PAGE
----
Although Helen was attracted by arts and crafts from a very early age, she studied to be a chef after leaving school. Only later did she join the Grennan Mill Craft School in Kilkenny, where she trained in the art of textiles, printmaking and ceramics. The result is a twenty-year career as an arts and crafts tutor on the Cork City Vocational Training Committee.
Driven by a growing desire to develop a more personal practice, around the textile arts, she enrolled in 2009 at Crawford College of Art and Design in Cork. During a residency in Iceland in 2015, she was impressed by the local population who managed to take advantage of the smallest resource, going so far as transforming the skins of fish into high-end leather. The recovery of waste then was integrated into Helen’s approach to making art. Alarmed by the amount of plastics on beaches, she wanted to draw the attention of the public to the loss of value of these discarded items. By manipulating, shaping, reimagining and creating a new story, the everyday materials are elevated to precious objects, works of art.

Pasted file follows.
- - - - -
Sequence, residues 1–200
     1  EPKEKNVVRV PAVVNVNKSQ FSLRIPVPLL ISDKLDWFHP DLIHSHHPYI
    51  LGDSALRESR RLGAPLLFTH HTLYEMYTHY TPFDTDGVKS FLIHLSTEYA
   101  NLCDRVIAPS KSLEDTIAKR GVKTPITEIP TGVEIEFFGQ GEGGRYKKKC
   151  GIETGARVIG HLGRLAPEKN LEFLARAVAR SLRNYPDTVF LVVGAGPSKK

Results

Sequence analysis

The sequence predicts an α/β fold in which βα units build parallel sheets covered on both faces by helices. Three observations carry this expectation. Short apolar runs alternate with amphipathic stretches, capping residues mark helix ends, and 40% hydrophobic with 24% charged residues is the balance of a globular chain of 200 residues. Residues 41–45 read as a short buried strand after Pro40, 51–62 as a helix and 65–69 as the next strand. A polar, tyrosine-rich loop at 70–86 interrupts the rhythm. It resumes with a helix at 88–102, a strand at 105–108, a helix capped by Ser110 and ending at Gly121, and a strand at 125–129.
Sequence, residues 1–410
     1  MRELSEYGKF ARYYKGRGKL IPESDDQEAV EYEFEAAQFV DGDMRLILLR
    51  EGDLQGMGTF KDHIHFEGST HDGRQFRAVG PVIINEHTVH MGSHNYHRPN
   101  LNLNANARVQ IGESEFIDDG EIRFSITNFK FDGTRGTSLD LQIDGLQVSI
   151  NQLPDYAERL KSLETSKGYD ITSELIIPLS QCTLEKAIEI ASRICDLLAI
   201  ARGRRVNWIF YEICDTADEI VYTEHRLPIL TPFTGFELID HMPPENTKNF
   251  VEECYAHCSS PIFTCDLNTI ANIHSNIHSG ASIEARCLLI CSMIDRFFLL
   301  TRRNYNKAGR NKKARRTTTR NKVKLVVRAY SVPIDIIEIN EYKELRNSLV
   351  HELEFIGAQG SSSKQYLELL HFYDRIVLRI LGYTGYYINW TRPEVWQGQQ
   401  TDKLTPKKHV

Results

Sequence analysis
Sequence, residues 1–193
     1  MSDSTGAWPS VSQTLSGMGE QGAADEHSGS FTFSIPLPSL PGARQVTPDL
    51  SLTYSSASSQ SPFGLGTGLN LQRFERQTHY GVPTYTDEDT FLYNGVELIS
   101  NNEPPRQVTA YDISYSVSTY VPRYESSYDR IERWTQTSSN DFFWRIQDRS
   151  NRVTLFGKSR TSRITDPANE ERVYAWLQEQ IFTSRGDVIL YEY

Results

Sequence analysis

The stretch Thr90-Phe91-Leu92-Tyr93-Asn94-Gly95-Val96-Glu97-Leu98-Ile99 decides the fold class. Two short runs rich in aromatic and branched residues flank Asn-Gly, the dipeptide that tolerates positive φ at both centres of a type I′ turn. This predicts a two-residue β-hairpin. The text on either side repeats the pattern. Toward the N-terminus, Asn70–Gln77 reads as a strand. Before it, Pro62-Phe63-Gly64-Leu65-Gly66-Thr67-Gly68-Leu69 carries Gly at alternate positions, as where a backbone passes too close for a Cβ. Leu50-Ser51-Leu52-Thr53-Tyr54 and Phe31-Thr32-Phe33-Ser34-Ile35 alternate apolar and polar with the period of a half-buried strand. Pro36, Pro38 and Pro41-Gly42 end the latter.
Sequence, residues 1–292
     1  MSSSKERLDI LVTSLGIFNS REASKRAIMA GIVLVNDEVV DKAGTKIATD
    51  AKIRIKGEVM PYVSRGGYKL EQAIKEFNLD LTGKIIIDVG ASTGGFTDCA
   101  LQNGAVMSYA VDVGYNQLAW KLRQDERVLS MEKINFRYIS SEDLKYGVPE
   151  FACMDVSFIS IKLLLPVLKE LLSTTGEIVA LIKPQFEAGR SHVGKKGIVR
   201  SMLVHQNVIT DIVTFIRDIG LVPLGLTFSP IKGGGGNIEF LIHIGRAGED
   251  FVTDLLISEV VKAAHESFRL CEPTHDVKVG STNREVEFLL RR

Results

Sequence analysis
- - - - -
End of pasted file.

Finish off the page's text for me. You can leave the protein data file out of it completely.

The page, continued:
Plastic is now central to her work. By the multiplicity of its forms, it offers a large number of possibilities. It is in contact with the plastic object that the idea will germinate, that the technique will develop: collage, sewing, assembly … Each work is an opportunity for O’Shea to experiment with new techniques that reveal stories she wants to express. The used plastics are collected from beaches, some are donations and others are accumulated from daily life in her home.
She then puts them together, giving them organic forms, often inspired by the marine world. Some bottlenecks eroded by sand, wind and water, combined with pieces of thread and lace, give birth to strange marine beings. On the baskets made from plastic bags are also showing the different levels of the ocean floor and flow that inhabits them, thanks to the embroidered patterns. With her work she explores the increasing link that exists between plastic waste and the sea.
Helen O’Shea has now exhibited all over the world, from China to the United States. The exhibition that remains the most outstanding for her is “Discovery Tresor Contemporary Craft Fair” held in Basel (Switzerland) in 2017. This international fair, devoted to contemporary crafts, presented many exchanges and meetings that allowed to the artist to explore and put into perspective her ‘practice of plastic’. New recycling policies are emerging around the world creating new potential for this waste. This highly depreciated material is thus a potential new source of industrial wealth. The ambivalent relationship with the plastic that our society maintains is what the artist wants to explore today.
Rachel Chenu – 2019
(Article in French on Pausart.fr)